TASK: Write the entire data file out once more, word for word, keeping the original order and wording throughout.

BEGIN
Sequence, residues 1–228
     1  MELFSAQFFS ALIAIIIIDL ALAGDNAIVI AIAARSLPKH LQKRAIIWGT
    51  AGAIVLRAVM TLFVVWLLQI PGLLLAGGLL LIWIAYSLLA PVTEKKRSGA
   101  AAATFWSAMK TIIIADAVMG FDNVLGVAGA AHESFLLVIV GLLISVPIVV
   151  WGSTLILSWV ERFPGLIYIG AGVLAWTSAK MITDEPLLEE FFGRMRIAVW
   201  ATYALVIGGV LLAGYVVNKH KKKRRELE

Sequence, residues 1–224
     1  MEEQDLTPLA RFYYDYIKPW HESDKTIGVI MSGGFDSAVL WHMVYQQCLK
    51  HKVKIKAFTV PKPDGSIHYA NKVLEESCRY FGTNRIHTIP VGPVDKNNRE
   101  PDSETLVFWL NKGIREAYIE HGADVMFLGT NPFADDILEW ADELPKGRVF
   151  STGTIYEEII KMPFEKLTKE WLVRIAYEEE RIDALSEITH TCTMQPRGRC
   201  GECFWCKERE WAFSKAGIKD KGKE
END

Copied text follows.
Sequence, residues 1–228
     1  MELFSAQFFS ALIAIIIIDL ALAGDNAIVI AIAARSLPKH LQKRAIIWGT
    51  AGAIVLRAVM TLFVVWLLQI PGLLLAGGLL LIWIAYSLLA PVTEKKRSGA
   101  AAATFWSAMK TIIIADAVMG FDNVLGVAGA AHESFLLVIV GLLISVPIVV
   151  WGSTLILSWV ERFPGLIYIG AGVLAWTSAK MITDEPLLEE FFGRMRIAVW
   201  ATYALVIGGV LLAGYVVNKH KKKRRELE

Sequence, residues 1–224
     1  MEEQDLTPLA RFYYDYIKPW HESDKTIGVI MSGGFDSAVL WHMVYQQCLK
    51  HKVKIKAFTV PKPDGSIHYA NKVLEESCRY FGTNRIHTIP VGPVDKNNRE
   101  PDSETLVFWL NKGIREAYIE HGADVMFLGT NPFADDILEW ADELPKGRVF
   151  STGTIYEEII KMPFEKLTKE WLVRIAYEEE RIDALSEITH TCTMQPRGRC
   201  GECFWCKERE WAFSKAGIKD KGKE